There are a number of fresh law graduates who could not find jobs as they were fresh out of law school, as a result they try their skills in different fields and then continued either because of their limited options or family situations or they do not want too many entries in their resume in short span of time. So when these candidates approach law firms for the position as an attorney, should these law firms hire them?
Law schools can be criticised for not designing their course structure in such a manner that has the capacity to produce so-called practice-ready graduates. These schools are famous for teaching students “how to think”. But they do not put emphasis on real-life practical challenges outside the law school like actually teaching them what lawyers do, eg, to find clients, run conflict check, service those clients operating billing system, track time, negotiate, obtain financing, hire and train personnel, make payrolls etc.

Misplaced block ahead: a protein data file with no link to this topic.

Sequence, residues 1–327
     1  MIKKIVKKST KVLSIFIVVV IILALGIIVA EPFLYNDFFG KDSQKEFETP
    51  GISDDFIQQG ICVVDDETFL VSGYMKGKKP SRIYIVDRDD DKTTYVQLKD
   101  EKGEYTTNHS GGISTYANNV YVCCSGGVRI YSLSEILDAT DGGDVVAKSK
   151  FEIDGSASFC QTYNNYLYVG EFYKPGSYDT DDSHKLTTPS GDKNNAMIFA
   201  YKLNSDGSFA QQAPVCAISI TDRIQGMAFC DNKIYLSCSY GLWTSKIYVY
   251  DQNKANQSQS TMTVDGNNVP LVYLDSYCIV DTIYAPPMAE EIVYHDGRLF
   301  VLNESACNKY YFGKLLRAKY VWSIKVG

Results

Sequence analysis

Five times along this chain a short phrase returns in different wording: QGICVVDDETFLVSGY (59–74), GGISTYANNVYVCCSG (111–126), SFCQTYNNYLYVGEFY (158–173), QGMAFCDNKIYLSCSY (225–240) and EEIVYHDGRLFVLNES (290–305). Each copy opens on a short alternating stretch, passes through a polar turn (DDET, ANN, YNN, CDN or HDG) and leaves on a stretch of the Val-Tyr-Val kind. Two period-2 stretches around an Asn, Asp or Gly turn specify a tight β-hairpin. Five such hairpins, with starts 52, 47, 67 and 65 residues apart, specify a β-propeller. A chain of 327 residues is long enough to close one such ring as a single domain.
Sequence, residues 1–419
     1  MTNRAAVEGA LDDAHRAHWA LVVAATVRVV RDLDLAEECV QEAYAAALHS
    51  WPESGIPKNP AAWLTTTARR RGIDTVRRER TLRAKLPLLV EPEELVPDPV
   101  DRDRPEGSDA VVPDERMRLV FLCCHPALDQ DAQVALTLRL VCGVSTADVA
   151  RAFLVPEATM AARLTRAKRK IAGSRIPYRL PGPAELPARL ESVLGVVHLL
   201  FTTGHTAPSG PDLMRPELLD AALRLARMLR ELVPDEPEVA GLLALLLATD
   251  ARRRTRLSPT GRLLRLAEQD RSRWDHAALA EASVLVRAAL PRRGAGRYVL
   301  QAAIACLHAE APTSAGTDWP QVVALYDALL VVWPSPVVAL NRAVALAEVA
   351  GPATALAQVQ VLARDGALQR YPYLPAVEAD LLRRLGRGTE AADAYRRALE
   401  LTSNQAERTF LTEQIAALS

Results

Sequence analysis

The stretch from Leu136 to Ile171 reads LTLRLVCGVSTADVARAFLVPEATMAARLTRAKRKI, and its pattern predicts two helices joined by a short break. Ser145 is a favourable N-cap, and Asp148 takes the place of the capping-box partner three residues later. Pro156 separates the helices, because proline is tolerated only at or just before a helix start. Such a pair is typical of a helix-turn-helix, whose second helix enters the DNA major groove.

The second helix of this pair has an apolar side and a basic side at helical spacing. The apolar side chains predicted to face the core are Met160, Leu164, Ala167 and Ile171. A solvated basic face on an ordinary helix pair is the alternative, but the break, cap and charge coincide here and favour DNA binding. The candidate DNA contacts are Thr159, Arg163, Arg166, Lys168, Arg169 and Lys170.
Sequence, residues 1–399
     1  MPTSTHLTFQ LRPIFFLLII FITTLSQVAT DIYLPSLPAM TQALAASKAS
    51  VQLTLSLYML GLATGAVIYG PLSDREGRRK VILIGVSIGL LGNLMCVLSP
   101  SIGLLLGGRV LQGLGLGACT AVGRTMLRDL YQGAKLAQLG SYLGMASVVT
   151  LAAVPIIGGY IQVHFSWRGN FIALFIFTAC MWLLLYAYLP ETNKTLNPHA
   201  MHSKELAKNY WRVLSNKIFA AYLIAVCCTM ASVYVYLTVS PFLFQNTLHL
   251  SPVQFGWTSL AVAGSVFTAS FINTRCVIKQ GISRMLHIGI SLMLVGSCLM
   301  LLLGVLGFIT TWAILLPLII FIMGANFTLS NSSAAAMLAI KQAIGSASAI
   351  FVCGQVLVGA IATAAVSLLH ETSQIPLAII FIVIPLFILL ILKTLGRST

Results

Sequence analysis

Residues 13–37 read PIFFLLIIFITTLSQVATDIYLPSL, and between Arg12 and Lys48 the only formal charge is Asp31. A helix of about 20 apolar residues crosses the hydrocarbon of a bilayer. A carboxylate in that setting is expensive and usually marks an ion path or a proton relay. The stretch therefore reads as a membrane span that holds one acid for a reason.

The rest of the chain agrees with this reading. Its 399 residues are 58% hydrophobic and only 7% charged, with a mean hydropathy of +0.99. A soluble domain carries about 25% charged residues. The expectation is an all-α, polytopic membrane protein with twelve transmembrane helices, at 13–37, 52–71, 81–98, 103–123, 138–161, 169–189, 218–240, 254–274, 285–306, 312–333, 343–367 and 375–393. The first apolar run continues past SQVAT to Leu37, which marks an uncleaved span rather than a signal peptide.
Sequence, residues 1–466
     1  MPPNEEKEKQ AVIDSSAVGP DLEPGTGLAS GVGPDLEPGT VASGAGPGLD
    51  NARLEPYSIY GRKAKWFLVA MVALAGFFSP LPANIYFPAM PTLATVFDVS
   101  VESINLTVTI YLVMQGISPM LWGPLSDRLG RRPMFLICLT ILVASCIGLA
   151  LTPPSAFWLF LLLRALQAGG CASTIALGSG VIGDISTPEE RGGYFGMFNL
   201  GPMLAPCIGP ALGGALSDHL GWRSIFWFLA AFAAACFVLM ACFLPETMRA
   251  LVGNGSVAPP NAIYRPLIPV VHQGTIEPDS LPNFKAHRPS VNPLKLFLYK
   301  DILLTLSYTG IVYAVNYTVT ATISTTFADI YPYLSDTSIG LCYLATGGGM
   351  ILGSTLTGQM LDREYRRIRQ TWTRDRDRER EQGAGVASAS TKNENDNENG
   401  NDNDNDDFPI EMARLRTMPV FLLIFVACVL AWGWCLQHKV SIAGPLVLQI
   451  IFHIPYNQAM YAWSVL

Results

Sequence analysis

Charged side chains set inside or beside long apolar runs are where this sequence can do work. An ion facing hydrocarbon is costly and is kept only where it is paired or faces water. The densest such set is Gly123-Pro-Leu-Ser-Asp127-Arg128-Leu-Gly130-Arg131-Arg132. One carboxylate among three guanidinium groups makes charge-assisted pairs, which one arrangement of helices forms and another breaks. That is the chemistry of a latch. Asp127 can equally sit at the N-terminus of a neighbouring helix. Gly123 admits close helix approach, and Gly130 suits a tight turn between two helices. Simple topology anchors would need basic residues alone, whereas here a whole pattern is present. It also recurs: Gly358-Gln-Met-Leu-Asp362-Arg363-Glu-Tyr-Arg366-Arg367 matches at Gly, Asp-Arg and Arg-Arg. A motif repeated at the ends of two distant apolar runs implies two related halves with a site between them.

No doubt that the legal education system has been amended with more law schools offering skills-based educational opportunities such as legal societies, legal clinics, legal writing programs, moot courts. But still, before they are ready to be a well-functioning lawyer there is a need for them to undergo plenty of on the job training in order to compete and excel.
It’s an initiation that is not without its discomforts, both for the fresh law graduates and for his superiors who get to dedicate plenty of hours helping someone figure how to do legal work and run a law practice.